Militarism erodes not just particular rights but the very basis of self-governance. It privatizes public goods, it corrupts public servants, it creates momentum for war by making people’s careers dependent on it. Over a half century ago, U.S. President Dwight Eisenhower warned:
“We annually spend on military security more than the net income of all United States corporations. This conjunction of an immense military establishment and a large arms industry is new in the American experience. The total influence — economic, political, even spiritual — is felt in every city, every State house, every office of the Federal government. … In the councils of government, we must guard against the acquisition of unwarranted influence, whether sought or unsought, by the military industrial complex. The potential for the disastrous rise of misplaced power exists and will persist.”
War not only shifts power to the government and the few, and away from the people, but it also shifts power to a president or prime minister and away from a legislature or judiciary. James Madison, father of the U.S. Constitution, warned:
“Of all the enemies to public liberty war is, perhaps, the most to be dreaded, because it comprises and develops the germ of every other. War is the parent of armies; from these proceed debts and taxes; and armies, and debts, and taxes are the known instruments for bringing the many under the domination of the few. In war, too, the discretionary power of the Executive is extended; its influence in dealing out offices, honors, and emoluments is multiplied; and all the means of seducing the minds, are added to those of subduing the force, of the people. The same malignant aspect in republicanism may be traced in the inequality of fortunes, and the opportunities of fraud, growing out of a state of war, and in the degeneracy of manners and of morals engendered by both. No nation could preserve its freedom in the midst of continual warfare.”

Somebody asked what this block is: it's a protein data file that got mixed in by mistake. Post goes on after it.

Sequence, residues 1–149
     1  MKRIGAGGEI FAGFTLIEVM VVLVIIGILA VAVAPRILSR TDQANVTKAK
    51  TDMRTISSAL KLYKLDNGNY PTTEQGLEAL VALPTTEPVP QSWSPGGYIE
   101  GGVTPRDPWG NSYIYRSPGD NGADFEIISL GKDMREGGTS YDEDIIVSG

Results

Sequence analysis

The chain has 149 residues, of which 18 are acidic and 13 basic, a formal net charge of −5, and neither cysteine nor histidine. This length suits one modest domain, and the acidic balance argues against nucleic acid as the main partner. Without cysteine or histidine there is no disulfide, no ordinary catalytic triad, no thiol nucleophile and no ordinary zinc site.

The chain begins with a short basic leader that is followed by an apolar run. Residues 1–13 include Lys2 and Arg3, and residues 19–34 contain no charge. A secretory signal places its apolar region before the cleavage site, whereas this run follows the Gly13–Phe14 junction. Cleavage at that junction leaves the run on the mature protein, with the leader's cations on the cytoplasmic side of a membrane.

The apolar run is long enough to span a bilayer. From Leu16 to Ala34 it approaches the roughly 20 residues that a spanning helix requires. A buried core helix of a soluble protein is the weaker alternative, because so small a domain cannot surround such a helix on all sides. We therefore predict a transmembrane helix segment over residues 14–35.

“The constitution supposes, what the History of all Governments demonstrates, that the Executive is the branch of power most interested in war, & most prone to it. It has accordingly with studied care, vested the question of war in the Legislature.”
One way in which war erodes public trust and morals is by its predictable generation of public lies. Makers of war hide every merit in their enemies and every flaw in themselves. They disguise the aim of profit or vengeance or lust for power as the aim of defense or philanthropy. And these lies may last long enough to start a war but often do not last much beyond that, the truth of the matter tending to be very clearly exposed.
Also eroded, of course, is the very idea of the rule of law — replaced with the practice of might-makes-right. Laws against war and other laws and rules and standards are brushed aside in the madness of war, which sets an example of lawlessness for all to follow.